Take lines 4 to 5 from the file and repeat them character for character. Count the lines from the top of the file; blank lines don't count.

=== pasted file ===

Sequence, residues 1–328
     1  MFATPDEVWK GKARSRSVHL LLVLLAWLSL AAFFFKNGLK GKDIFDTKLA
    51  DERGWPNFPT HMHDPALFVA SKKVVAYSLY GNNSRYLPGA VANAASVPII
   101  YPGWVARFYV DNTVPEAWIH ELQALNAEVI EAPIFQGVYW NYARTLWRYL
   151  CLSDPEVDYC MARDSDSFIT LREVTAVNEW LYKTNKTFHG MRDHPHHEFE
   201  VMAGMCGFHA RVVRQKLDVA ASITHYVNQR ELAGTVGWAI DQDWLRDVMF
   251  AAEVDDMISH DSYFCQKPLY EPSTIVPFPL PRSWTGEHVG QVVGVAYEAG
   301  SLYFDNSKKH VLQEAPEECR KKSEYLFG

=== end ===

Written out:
   101  YPGWVARFYV DNTVPEAWIH ELQALNAEVI EAPIFQGVYW NYARTLWRYL
   151  CLSDPEVDYC MARDSDSFIT LREVTAVNEW LYKTNKTFHG MRDHPHHEFE